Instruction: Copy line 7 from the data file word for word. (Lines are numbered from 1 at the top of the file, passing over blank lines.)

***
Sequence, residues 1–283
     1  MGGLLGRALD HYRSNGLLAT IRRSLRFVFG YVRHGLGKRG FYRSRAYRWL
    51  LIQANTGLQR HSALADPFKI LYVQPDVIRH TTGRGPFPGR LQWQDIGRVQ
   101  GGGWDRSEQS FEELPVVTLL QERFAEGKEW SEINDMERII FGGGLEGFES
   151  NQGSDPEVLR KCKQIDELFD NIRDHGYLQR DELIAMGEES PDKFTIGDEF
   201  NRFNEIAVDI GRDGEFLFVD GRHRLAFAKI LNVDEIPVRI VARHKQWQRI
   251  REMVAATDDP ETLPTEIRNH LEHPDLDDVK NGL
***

   251  REMVAATDDP ETLPTEIRNH LEHPDLDDVK NGL